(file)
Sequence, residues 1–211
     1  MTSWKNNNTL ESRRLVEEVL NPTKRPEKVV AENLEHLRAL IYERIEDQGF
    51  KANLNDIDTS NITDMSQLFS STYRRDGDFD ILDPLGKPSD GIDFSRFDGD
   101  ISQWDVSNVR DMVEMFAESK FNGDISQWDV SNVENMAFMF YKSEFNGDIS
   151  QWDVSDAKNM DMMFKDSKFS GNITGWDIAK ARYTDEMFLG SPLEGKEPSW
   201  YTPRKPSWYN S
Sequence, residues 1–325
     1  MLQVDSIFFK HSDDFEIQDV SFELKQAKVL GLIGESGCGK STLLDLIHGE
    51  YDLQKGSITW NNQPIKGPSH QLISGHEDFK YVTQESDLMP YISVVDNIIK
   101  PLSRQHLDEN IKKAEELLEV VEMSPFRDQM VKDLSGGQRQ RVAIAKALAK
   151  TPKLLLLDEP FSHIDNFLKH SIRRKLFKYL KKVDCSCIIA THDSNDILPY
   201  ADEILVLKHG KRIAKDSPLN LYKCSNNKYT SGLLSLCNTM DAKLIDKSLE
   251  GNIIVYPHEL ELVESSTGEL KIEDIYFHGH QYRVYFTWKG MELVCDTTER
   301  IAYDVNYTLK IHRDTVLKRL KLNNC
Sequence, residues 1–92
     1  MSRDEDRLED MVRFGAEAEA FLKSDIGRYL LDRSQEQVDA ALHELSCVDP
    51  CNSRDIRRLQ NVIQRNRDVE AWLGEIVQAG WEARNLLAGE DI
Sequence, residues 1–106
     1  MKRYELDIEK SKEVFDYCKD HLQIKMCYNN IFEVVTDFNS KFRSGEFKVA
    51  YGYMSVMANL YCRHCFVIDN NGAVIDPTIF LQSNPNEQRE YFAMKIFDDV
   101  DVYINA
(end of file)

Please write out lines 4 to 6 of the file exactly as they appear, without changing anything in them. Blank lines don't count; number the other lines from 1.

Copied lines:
   101  ISQWDVSNVR DMVEMFAESK FNGDISQWDV SNVENMAFMF YKSEFNGDIS
   151  QWDVSDAKNM DMMFKDSKFS GNITGWDIAK ARYTDEMFLG SPLEGKEPSW
   201  YTPRKPSWYN S